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First things that I am trying to discover using pentest:

  • Files permissions (are sensitive files in my Linux build secure from exploits)
  • Are programs running under users (e.g., something running under root user hen it should not)

Is there any framework/tool that can be employed to discover weaknesses in the above two areas for an Embedded Linux devices?

P.S: Consider me beginner in the area of penetration testing. I am trying to discover basic vulnerabilities and to fix those.

  • This question is fairly broad, and will largely depend on some of the specifics of the given scenario. What is your end goal? Are you trying to learn more about how to perform penetration tests on embedded devices in general? Or do you have a specific system which you are working with? Are you trying to perform a pen-test on the device, or are you a developer who is trying to design a secure system? – user52472 Jul 6 '17 at 15:37
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Read up on binwalk (and similar programs). I usually carve firmware with just dd.

Often files inside firmware are in upx or gzip format, which is no problem, and other times they are in obscure formats, usually identifiable with file.

In webroot, you can sometimes find vulnerabilities, and elsewhere you can find e.g. un/privileged accounts. Even if passworded, you can usually crack these accounts.

Dropbear sshd seems common enough that you should take an interest in new vulnerabilities for it, and dnsmasq (quite popular) has also had problems.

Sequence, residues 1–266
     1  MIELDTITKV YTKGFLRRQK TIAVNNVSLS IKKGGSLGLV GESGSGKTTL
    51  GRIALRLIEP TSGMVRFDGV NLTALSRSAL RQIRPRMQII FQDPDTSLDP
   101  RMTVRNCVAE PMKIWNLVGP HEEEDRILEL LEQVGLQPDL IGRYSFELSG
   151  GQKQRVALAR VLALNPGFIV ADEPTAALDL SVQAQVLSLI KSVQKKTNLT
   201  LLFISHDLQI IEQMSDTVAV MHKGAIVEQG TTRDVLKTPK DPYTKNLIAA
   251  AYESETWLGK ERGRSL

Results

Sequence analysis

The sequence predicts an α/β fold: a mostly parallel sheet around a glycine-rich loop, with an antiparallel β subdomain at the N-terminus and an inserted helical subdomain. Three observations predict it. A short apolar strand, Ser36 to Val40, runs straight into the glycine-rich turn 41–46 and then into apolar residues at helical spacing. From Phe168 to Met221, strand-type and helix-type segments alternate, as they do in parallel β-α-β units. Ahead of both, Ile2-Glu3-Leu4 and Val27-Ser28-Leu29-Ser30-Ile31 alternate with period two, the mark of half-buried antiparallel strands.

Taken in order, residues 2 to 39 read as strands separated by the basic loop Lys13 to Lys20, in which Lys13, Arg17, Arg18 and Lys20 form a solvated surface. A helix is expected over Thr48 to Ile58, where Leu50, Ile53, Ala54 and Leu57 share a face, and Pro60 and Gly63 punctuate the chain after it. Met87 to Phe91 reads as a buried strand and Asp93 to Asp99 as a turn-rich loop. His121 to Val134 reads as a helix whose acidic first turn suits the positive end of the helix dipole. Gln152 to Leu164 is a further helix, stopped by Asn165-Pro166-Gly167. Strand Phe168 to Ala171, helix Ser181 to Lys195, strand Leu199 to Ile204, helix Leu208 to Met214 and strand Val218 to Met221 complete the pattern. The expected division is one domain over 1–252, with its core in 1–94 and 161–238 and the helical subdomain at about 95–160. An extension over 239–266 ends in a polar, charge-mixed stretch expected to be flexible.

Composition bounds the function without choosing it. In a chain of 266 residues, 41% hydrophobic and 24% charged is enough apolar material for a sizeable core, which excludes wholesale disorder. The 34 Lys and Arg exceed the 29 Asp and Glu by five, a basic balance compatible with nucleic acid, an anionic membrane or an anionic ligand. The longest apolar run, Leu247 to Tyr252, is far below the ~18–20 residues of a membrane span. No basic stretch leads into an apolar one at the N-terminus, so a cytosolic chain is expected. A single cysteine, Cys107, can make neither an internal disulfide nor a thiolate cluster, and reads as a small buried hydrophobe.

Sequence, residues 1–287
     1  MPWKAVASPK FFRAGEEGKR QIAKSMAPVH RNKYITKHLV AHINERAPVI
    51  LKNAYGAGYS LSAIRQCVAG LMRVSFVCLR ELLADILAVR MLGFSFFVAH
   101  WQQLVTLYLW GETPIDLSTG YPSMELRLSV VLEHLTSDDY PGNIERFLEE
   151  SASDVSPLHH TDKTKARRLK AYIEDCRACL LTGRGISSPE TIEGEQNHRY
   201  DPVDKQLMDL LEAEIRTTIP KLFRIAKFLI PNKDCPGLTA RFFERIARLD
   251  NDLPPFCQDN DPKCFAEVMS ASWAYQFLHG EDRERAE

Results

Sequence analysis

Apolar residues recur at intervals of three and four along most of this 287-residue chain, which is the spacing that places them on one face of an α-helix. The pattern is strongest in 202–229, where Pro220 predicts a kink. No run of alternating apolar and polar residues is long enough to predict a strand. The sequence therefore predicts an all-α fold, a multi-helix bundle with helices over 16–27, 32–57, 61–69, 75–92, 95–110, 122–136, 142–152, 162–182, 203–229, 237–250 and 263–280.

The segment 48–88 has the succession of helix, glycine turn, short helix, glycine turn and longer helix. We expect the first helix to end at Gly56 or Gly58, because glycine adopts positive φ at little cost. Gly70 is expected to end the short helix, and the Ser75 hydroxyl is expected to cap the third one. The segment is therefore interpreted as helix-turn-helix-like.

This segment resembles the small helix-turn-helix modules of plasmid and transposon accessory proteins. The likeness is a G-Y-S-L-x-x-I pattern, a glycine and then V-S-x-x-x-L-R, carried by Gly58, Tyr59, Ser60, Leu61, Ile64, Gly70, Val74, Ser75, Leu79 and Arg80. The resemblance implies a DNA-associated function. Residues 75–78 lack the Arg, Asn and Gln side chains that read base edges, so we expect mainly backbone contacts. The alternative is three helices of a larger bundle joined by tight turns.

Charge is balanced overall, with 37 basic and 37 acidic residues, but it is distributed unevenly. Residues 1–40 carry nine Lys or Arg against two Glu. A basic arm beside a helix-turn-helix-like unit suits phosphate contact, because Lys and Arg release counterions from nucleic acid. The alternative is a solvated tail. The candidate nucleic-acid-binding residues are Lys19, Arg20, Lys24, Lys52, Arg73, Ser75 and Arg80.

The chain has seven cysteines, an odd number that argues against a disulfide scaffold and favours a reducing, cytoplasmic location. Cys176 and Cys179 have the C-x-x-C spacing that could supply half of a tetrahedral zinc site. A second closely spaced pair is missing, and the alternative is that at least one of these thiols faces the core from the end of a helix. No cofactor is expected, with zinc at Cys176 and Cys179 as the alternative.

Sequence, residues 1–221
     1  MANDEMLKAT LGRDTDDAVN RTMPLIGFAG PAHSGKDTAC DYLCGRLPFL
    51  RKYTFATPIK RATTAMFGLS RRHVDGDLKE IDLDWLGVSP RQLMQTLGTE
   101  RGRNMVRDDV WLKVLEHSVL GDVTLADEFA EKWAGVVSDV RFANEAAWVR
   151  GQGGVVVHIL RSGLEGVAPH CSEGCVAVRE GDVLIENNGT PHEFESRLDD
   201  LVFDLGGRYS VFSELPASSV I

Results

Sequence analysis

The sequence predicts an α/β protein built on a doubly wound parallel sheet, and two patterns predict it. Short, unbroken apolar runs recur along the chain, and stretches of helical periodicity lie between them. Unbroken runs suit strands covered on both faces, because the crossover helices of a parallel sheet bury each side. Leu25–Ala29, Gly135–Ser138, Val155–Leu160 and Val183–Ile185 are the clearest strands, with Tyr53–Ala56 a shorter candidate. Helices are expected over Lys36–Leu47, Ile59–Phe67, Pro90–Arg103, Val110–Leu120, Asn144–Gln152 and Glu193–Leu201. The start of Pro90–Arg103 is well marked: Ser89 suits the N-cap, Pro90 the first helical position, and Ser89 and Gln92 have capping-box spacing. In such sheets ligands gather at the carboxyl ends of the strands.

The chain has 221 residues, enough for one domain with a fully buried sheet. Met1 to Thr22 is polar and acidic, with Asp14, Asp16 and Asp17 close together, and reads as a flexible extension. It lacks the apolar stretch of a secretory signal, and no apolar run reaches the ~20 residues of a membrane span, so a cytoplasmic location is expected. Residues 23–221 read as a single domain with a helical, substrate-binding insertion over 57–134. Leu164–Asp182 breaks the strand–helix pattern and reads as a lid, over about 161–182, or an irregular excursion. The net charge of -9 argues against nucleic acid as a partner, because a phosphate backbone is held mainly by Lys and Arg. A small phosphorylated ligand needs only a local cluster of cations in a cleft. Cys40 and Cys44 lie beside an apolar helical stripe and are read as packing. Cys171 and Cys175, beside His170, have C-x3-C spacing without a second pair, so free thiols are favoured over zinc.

I haven't played with JTAG, but it is my understanding you can live patch binaries like getty and login with some effort. So that's definitely worthwhile, if you have physical access.

For expensive toys like PLCs you can implant arduinos with e.g. LoRa or 2.4GHz modules to just override tripping relays ON/OFF(if you do it really fast, it kills whatever it is driving), and with faster MCUs like Teensy, you can probably interdict traffic on ethernet ports. Concerning powering these MCUs, you can stick a small circuit with 7808 or 7805 regulators in, if there is no 5V rail. Many PLCs run on 24V, which the 78* regulators can run off - you need a few extra caps to catch the spikes, example: 780X

Not my diagram, unsure why there isn't a C1 - here C2 and C3 correspond to the normal C1 and C2. C4 and C5 catch the spikes when the 7805 is powering up. Important! Also observe that: W_dissipate = ( V_in - V_out ) * I_load.

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Embedded systems are usually on a plain of their own due to them being highly customized to the specified needs subject to the use case scenarios. It really depends on how the system is going to be used and how the system is built.

For example, if you're using Wind River Linux on an embedded system, there is no single use case / misuse case that we can plan for considering it's going to be a custom build depending on the customers needs and as such, there is only so much we can do. You need to define your requirements and then define cases in which you can defeat the security requirements (Misuse cases). From there you can dictate attack vectors and start pen testing.

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